When you do good, you feel good. Sometimes, however, goodness comes back to you in very unexpected ways.
32-year-old Kasey Simmons works as a waiter at Applebee’s restaurant in Dallas. He was surprised when one day, a customer visited them and then left him with a huge tip.
“They ordered the cheapest thing on the menu. Flavored water,” Simmons said in a CNN interview.
The total bill was merely $0.37. The tip left for Kasey, however, was $500. It also came with a short note written on a napkin.
Apparently, Simmons was at the grocery the previous day and in the checkout line, he spotted an older woman who was “clearly despondent.” Other people paid her no attention but Simmons took the time to speak with her.
She then shared the story why she was sad and Simmons did his best to cheer her up. He even offered to pay for her groceries. “It was only $17, but it’s not about the money,” he explained. “It’s about showing someone you care.”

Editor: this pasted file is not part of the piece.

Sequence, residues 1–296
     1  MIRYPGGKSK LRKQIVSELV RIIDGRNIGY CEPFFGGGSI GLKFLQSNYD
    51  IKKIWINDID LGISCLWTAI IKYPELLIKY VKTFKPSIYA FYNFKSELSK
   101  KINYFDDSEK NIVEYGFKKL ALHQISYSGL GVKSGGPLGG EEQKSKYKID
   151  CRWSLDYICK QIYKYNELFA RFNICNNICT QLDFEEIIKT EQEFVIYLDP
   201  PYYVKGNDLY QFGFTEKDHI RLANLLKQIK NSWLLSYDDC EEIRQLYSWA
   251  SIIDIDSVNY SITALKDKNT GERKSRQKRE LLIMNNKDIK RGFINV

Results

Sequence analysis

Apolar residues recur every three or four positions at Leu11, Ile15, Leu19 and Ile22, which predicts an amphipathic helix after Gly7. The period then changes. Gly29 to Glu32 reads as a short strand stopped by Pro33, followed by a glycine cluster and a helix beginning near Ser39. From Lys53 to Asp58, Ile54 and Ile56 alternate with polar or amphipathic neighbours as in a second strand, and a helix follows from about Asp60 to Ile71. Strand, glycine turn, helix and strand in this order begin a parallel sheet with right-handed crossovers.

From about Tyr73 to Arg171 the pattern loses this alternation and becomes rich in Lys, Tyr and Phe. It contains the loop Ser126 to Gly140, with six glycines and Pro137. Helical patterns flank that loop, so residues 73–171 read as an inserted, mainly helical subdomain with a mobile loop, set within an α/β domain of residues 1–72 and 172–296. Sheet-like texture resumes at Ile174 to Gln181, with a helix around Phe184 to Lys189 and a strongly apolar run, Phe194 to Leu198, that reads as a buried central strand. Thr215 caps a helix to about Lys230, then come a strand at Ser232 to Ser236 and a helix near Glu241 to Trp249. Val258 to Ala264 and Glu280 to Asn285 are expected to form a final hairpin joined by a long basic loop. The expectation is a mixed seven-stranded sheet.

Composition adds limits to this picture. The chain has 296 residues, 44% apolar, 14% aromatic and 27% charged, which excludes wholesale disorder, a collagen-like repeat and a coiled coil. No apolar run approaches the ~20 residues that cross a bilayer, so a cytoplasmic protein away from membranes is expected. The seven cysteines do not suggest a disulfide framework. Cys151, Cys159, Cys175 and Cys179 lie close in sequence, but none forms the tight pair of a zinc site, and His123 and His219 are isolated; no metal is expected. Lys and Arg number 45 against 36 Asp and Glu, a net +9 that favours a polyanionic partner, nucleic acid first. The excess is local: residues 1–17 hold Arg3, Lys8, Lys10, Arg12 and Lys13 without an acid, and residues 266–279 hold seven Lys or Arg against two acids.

The woman’s daughter heard about the story and so she decided to visit Simmons. She left the generous tip and wrote a note for him which read:
“On one of the most depressing days of the year … you made my mother’s day wonderful. You insisted on paying. Told her she is a very beautiful woman. I have not seen this woman smile this much since dad died.”
A little kindness can indeed go a long way.
Why Do Customers Leave Tips For Waiters?
Although not usually mandatory, PBS tells us that “it is the prevailing practice to leave a tip after meal at pretty much every restaurant in the United States. For the vast majority of servers and bartenders in America, tips make up a substantial part of their income.”
Michael Lynn, a professor at Cornell University’s School of Hotel Administration, also explained customer’s motivations for tipping:
“I think that there are five basic motives for tipping. Some people tip to show off. Some people tip to help the server, to supplement their income and make them happy. Some people tip to get future service. And then other people tip to avoid disapproval: You don’t want the server to think badly of you. And some people tip out of a sense of duty.”